The plot in a nutshell: Betty Suarez (America Ferrera) has always dreamed of working in the publishing world. But when her interview with Meade Publishing tanks (it seems there's no place for the non-thin, non-beautiful in said world), she begins to wonder if she'll forever be stuck living with her father Ignacio (Tony Plana) and selling products over the phone like her sister Hilda (Ana Ortiz). As luck would have it though, Bradford Meade (Alan Dale) himself just happened to have spotted Betty in the lobby waiting for her interview. It seems his son Daniel (Eric Mabius) has developed a habit of sleeping with his assistants and someone like Betty might actually get him to focus on his work, which includes taking over Meade's fashion magazine, Mode. And so Betty is hired, much to Daniel's chagrin. There, in addition to an endless parade of stares and whispers behind her back, she meets Amanda (Becki Newton), the magazine's receptionist (who's more than willing to become Daniel's latest conquest/assistant), and Wilhelmina (Vanessa L. Williams), a former model who's waiting for Daniel to fail so she can take over. The only friendly face is Christina (Ashley Jensen), a seamstress that knows all too well what Betty is going through. Anyway, Daniel gets the bright idea that if he makes Betty's life miserable enough, she'll quit and life can return to normal. The plot then quickly churns through the "Cliche-O-Tron 3000" (TM pending) as she takes the abuse long enough for Daniel to start to feel guilty about it, not to mention begin to listen to her ideas, ideas which happen to impress his first issue's cover girl (an almost unrecognizable Gina Gershon), all despite Wilhelmina's scheming.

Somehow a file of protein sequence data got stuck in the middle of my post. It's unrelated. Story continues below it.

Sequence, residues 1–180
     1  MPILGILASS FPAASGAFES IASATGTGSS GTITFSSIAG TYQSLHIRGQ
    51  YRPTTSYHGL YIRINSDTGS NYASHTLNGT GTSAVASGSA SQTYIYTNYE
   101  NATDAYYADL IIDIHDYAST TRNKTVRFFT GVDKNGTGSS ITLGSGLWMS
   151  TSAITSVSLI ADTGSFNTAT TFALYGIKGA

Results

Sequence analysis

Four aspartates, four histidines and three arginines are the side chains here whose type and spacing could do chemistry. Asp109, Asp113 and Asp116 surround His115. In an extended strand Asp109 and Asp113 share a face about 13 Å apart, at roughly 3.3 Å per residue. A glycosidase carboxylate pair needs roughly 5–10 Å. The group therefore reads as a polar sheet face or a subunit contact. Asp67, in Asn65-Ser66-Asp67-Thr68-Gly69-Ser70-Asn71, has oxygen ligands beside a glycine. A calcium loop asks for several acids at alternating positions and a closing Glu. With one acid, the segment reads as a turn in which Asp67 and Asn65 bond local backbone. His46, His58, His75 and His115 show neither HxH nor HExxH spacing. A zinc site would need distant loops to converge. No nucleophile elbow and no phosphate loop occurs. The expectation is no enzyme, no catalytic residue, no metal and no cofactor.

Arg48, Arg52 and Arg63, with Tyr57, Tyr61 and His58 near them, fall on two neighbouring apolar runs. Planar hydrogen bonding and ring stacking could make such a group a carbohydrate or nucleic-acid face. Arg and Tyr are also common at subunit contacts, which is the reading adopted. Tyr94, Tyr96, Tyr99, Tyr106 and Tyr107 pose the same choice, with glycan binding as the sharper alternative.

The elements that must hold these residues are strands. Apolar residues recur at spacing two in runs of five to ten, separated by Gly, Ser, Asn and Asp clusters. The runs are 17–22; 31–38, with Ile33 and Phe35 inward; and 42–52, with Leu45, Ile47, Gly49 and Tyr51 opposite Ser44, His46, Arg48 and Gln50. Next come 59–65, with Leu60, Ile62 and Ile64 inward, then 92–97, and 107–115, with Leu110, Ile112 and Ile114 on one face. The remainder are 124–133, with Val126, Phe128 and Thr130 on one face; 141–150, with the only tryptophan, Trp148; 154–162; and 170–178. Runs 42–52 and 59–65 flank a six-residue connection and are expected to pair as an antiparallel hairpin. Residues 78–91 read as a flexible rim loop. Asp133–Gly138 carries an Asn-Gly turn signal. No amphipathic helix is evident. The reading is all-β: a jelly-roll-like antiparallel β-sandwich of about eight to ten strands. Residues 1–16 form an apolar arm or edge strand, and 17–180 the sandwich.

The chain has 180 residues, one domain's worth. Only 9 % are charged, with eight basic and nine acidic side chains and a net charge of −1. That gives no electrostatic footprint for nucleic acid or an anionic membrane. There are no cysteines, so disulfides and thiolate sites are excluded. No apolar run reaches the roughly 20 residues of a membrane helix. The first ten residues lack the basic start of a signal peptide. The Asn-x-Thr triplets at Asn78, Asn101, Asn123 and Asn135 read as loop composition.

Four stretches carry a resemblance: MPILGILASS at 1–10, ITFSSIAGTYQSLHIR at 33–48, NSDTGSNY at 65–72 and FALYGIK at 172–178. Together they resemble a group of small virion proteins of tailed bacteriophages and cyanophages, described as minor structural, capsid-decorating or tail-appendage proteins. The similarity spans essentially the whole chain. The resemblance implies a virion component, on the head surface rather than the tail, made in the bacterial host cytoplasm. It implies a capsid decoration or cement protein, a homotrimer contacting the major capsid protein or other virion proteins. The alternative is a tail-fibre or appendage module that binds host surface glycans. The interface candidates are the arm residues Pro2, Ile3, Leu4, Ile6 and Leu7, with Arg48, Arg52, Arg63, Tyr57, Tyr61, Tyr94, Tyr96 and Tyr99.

What works: You know how every year there's one show that makes you wonder "how the hell did this get made?" Well, this is that show.

What doesn't: I was literally speechless after watching the pilot. I don't even know where to begin. I guess let's just start with Betty. Not content enough to just make her "plain," she's saddled with giant silver braces, giant Coke-bottle glasses and the worst fashion sense imaginable. It's literally like she's wearing a Halloween costume - which would be fine I suppose if this was some sort of campy, goofy show, but it's not. Everything is played extremely straight. And not only is she portrayed as this bull in the fashion world's china shop, she's a rampaging one at that. She doesn't just interrupt a meeting, she literally grinds it to a halt with her behavior. And it's this characterization that makes the "feel bad for her" aspect of the show a much harder pill to swallow - especially when she's more than willing to sell our her family (she misses her father's birthday to do one of Daniel's outrageous tasks) to keep her job. And that's not even factoring in the simple fact that she's not funny or all that charming. Her only redeeming quality is supposedly her intelligence, which is limited to writing a proposal and putting it in a high school report binder. Again, this wouldn't be so bad if it weren't played so absolutely straight faced. The strange part is there's some campy, goofy seeds around her - Wilhelmina's obsession with being young is played up comically as is the outrageousness of Gershon's character. Unfortunately they don't spill over into the central plot. Overall, I'm just... wow, words escape me.

The challenges ahead: Does ABC really think this show will create any sort of beachhead on Friday nights?

  [june 2006]